INTRODUCTION EUGENE RAIKHEL AND WILLIAM GARRIOTT
TRACING NEW PATHS IN THE
ANTHROPOLOGY OF ADDICTION
This volume provides a critical examination of ‘‘addiction’’—a
relatively new but increasingly prominent way of thinking about
and intervening into the contemporary human experience. Rooted
largely in Western ideas about health, illness, and comportment,
addiction is now experientially, discursively, and geographically
widespread. As it assumes the status of a ‘‘global form’’ (Collier
and Ong 2005)—albeit a hotly contested one—it both shapes and
is shaped by the contexts in which it takes hold and through
which it passes. Addiction is particularly relevant as an object of
anthropological inquiry because it sits at the crossroads of some
of the issues that most define the world today: the role of scien-
tific—and particularly bioscientific—knowledge in the shaping of
identity, selfhood, and subjectivity; the mutual transformation of
novel medical technologies and the cultural settings in which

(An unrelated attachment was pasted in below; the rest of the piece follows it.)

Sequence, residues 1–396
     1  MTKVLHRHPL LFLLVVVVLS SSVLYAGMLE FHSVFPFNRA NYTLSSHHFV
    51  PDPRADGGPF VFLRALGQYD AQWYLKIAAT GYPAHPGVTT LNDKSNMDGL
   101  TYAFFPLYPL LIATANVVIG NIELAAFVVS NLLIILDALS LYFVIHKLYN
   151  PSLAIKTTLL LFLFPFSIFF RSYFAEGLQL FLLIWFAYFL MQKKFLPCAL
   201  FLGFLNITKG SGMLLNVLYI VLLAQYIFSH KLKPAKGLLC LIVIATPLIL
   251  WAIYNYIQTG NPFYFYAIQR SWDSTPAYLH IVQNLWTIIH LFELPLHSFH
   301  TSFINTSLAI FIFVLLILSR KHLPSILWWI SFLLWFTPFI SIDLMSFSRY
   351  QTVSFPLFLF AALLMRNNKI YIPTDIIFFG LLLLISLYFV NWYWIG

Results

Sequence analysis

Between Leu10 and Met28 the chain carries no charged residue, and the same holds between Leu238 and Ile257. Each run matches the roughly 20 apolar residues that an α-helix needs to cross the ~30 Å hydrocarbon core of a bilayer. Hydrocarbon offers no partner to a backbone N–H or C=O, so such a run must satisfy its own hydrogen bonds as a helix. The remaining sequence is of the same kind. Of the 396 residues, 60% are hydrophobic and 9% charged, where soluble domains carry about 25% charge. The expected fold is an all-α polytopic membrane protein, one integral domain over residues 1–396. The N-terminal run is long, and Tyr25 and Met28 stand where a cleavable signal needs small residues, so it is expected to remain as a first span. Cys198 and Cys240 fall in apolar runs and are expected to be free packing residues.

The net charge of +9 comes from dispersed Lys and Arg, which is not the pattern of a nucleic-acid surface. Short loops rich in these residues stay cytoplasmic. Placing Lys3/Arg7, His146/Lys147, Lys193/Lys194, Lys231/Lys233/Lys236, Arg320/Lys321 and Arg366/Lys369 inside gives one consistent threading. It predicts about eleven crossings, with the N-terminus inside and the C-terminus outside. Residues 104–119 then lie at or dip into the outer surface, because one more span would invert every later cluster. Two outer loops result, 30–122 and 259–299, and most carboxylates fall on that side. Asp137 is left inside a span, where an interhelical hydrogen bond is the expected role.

they are enacted; and the mediation of biological and psychologi-
cal systems and social and political-economic ones by subjective
and embodied meaning and experience.
The chapters in this volume were originally presented at a
workshop on the anthropologies of addiction held at McGill Uni-
versity in April 2009. During our discussions, we found that while
they reflected a range of geographical fieldwork locations and
were written from a variety of theoretical perspectives, all of
them examined addiction with an attention to a number of issues
that speak to addiction’s unique position in the contemporary
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